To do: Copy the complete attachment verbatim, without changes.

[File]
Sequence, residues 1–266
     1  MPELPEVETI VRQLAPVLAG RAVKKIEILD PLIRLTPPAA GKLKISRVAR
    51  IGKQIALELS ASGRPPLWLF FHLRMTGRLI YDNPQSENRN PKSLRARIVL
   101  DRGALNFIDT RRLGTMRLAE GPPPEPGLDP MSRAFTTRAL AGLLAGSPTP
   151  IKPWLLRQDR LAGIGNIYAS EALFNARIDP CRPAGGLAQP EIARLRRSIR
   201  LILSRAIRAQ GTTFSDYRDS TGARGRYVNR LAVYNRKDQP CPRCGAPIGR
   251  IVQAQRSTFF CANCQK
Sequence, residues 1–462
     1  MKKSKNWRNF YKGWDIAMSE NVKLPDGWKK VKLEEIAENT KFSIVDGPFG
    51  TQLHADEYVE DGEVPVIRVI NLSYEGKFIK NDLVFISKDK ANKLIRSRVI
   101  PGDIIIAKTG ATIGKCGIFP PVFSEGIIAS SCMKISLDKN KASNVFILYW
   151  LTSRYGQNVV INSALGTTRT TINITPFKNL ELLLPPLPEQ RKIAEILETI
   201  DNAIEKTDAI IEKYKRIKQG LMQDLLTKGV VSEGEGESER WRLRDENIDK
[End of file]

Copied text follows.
Sequence, residues 1–266
     1  MPELPEVETI VRQLAPVLAG RAVKKIEILD PLIRLTPPAA GKLKISRVAR
    51  IGKQIALELS ASGRPPLWLF FHLRMTGRLI YDNPQSENRN PKSLRARIVL
   101  DRGALNFIDT RRLGTMRLAE GPPPEPGLDP MSRAFTTRAL AGLLAGSPTP
   151  IKPWLLRQDR LAGIGNIYAS EALFNARIDP CRPAGGLAQP EIARLRRSIR
   201  LILSRAIRAQ GTTFSDYRDS TGARGRYVNR LAVYNRKDQP CPRCGAPIGR
   251  IVQAQRSTFF CANCQK
Sequence, residues 1–462
     1  MKKSKNWRNF YKGWDIAMSE NVKLPDGWKK VKLEEIAENT KFSIVDGPFG
    51  TQLHADEYVE DGEVPVIRVI NLSYEGKFIK NDLVFISKDK ANKLIRSRVI
   101  PGDIIIAKTG ATIGKCGIFP PVFSEGIIAS SCMKISLDKN KASNVFILYW
   151  LTSRYGQNVV INSALGTTRT TINITPFKNL ELLLPPLPEQ RKIAEILETI
   201  DNAIEKTDAI IEKYKRIKQG LMQDLLTKGV VSEGEGESER WRLRDENIDK